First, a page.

New life brought to a historic landmark

Published 3:00 pm Saturday, January 14, 2023

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It’s wonderful to see a building with its surrounding acres that brought about the creation of Duncan Park come to life with a new life during the Historic Natchez Foundation’s annual meeting Thursday night.

Through the past several decades, Auburn has been many things: a family home, a playhouse for the city’s children, a museum to the antebellum south and a bed and breakfast.

One thing that it has always been is part of Natchez’s rich history.

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Known as the first mansion to be built in Natchez, Auburn is said to have inspired others throughout the city.

It was designed and constructed by Levi Weeks in 1812 for attorney Lyman Harding, who had moved to Natchez from Massachusetts.

This two-story Greek Revival mansion supported by four columns includes a floating spiral staircase between the first and second floors. Weeks designed the house to be, in his words, the “most magnificent building in the state.”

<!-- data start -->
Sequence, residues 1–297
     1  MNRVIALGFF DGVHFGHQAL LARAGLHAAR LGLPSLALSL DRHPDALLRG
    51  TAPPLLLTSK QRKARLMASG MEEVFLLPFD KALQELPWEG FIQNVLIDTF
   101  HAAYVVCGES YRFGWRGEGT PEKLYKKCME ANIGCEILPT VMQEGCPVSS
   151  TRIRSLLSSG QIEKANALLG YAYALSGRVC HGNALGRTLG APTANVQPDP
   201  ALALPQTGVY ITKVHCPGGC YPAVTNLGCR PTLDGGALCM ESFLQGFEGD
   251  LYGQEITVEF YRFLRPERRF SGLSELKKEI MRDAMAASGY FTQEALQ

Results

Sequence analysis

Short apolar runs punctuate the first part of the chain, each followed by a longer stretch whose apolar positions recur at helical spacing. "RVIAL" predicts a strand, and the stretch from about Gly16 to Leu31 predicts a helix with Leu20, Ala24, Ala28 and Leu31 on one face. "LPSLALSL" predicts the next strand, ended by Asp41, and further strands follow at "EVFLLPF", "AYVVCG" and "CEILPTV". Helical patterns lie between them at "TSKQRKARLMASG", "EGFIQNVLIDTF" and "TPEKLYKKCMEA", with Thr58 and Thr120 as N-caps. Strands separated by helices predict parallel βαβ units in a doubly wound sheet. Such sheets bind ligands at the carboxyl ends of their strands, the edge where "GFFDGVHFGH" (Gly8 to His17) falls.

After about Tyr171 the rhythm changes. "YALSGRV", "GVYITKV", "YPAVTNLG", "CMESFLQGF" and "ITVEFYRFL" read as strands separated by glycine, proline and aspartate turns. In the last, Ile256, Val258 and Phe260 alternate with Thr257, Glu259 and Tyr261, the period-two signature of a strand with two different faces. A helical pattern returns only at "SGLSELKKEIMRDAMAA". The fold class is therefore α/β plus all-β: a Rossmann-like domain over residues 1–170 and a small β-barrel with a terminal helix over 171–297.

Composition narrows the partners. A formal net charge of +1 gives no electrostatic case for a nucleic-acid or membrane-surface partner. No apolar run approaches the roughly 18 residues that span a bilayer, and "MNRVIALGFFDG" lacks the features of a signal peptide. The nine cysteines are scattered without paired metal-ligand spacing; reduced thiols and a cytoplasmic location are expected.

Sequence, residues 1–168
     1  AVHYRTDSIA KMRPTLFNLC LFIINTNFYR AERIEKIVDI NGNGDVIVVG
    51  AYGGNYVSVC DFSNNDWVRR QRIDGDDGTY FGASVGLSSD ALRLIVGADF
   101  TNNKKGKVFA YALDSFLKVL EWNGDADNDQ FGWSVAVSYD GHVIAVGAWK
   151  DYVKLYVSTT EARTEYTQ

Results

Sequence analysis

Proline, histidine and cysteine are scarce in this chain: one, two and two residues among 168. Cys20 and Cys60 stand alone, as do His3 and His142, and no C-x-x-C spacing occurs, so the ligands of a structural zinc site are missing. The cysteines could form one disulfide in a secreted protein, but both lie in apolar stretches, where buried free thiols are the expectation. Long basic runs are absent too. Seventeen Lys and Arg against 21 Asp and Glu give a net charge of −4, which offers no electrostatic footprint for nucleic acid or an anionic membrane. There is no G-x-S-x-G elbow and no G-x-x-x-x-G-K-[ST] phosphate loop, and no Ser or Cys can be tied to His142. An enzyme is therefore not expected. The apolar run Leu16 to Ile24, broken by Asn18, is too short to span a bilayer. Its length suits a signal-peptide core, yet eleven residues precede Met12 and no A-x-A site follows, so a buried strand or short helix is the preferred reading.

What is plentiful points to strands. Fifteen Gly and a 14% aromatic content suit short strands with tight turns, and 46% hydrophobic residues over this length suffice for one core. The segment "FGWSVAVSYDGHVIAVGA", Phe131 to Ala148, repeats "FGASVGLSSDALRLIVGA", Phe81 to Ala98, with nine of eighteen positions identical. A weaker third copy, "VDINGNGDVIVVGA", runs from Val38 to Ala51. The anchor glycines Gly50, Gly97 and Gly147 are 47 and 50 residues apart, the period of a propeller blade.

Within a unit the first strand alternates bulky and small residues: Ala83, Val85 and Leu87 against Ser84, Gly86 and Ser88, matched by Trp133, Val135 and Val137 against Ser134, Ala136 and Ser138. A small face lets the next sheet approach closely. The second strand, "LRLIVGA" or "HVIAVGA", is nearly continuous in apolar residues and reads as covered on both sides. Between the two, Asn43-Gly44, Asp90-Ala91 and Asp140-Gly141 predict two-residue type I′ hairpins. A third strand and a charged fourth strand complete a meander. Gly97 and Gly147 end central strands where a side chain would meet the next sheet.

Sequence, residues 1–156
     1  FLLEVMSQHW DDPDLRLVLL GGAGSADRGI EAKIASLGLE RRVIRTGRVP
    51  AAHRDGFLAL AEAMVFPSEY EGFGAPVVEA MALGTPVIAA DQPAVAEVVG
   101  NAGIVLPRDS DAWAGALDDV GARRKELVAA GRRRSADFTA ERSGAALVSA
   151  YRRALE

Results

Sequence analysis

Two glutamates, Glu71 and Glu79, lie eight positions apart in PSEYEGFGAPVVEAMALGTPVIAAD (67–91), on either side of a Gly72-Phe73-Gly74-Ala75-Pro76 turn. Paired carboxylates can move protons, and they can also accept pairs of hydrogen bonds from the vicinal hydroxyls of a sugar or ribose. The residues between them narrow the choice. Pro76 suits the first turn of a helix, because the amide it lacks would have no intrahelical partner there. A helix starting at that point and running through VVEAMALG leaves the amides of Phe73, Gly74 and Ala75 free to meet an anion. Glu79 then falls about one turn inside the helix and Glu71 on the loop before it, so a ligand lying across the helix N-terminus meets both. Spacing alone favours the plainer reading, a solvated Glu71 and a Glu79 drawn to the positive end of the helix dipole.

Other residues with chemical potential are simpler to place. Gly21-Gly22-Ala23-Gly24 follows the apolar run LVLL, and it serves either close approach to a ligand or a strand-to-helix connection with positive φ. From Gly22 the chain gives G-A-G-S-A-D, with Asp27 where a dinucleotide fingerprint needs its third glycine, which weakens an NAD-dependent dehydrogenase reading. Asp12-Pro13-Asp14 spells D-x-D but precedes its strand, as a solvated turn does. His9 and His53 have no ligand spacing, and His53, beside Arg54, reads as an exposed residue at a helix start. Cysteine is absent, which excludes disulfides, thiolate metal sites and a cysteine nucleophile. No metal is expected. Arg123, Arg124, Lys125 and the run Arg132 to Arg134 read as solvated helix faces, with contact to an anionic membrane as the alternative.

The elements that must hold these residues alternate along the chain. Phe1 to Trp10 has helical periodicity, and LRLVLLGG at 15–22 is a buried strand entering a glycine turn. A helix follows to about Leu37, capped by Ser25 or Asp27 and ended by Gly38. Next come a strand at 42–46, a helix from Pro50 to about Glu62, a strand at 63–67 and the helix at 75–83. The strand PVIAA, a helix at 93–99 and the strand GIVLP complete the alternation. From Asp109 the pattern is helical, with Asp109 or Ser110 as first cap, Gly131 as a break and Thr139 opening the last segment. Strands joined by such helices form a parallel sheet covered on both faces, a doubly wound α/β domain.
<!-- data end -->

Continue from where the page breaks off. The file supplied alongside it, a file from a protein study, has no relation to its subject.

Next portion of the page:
Dr. Stephen A. Duncan acquired the home after Harding died in 1820, and it remained in the Duncan family until heirs donated the building and its surrounding acreage to the City of Natchez with the stipulation that it be made a public park.

Generations later, the park exhibits some of the best of the city’s recreational offerings, with tennis, pickleball, playgrounds, disc golf and a golf course.

For the last 50 years, the city-owned house has been maintained by a group dedicated to its preservation, Friends of Auburn.

Now the city is close to leasing Auburn to a new owner, the Historic Natchez Foundation.

Hundreds gathered there Thursday night, parking well away from the building and having to walk to reach the site of the foundation’s meeting and hear awards be presented to a dozen champions of historic preservation efforts in this city. It was perhaps the foundation’s most largely attended meeting ever, said executive director Carter Burns.

We are thrilled to see what the future holds for the Historic Natchez Foundation, and for Auburn. We know this historic property will be in good hands.